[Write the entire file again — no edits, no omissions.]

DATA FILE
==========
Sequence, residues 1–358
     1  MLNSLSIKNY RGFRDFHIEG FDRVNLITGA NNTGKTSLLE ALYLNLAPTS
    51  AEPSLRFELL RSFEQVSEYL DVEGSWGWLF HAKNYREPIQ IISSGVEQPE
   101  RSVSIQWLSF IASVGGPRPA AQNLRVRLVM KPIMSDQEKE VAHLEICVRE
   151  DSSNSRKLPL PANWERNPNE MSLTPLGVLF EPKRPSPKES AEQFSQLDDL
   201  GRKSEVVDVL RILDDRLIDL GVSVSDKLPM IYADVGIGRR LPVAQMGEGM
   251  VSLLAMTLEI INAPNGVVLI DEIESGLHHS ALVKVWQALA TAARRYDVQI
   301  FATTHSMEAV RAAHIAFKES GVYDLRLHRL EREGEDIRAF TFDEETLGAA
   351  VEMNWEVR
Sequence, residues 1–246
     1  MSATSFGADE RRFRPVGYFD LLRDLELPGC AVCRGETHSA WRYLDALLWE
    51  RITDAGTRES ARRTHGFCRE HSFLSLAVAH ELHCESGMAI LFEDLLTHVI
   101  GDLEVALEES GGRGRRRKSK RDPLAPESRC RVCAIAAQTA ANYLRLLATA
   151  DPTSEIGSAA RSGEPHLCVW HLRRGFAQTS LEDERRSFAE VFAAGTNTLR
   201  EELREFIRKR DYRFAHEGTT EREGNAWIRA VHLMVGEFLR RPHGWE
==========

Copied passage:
Sequence, residues 1–358
     1  MLNSLSIKNY RGFRDFHIEG FDRVNLITGA NNTGKTSLLE ALYLNLAPTS
    51  AEPSLRFELL RSFEQVSEYL DVEGSWGWLF HAKNYREPIQ IISSGVEQPE
   101  RSVSIQWLSF IASVGGPRPA AQNLRVRLVM KPIMSDQEKE VAHLEICVRE
   151  DSSNSRKLPL PANWERNPNE MSLTPLGVLF EPKRPSPKES AEQFSQLDDL
   201  GRKSEVVDVL RILDDRLIDL GVSVSDKLPM IYADVGIGRR LPVAQMGEGM
   251  VSLLAMTLEI INAPNGVVLI DEIESGLHHS ALVKVWQALA TAARRYDVQI
   301  FATTHSMEAV RAAHIAFKES GVYDLRLHRL EREGEDIRAF TFDEETLGAA
   351  VEMNWEVR
Sequence, residues 1–246
     1  MSATSFGADE RRFRPVGYFD LLRDLELPGC AVCRGETHSA WRYLDALLWE
    51  RITDAGTRES ARRTHGFCRE HSFLSLAVAH ELHCESGMAI LFEDLLTHVI
   101  GDLEVALEES GGRGRRRKSK RDPLAPESRC RVCAIAAQTA ANYLRLLATA
   151  DPTSEIGSAA RSGEPHLCVW HLRRGFAQTS LEDERRSFAE VFAAGTNTLR
   201  EELREFIRKR DYRFAHEGTT EREGNAWIRA VHLMVGEFLR RPHGWE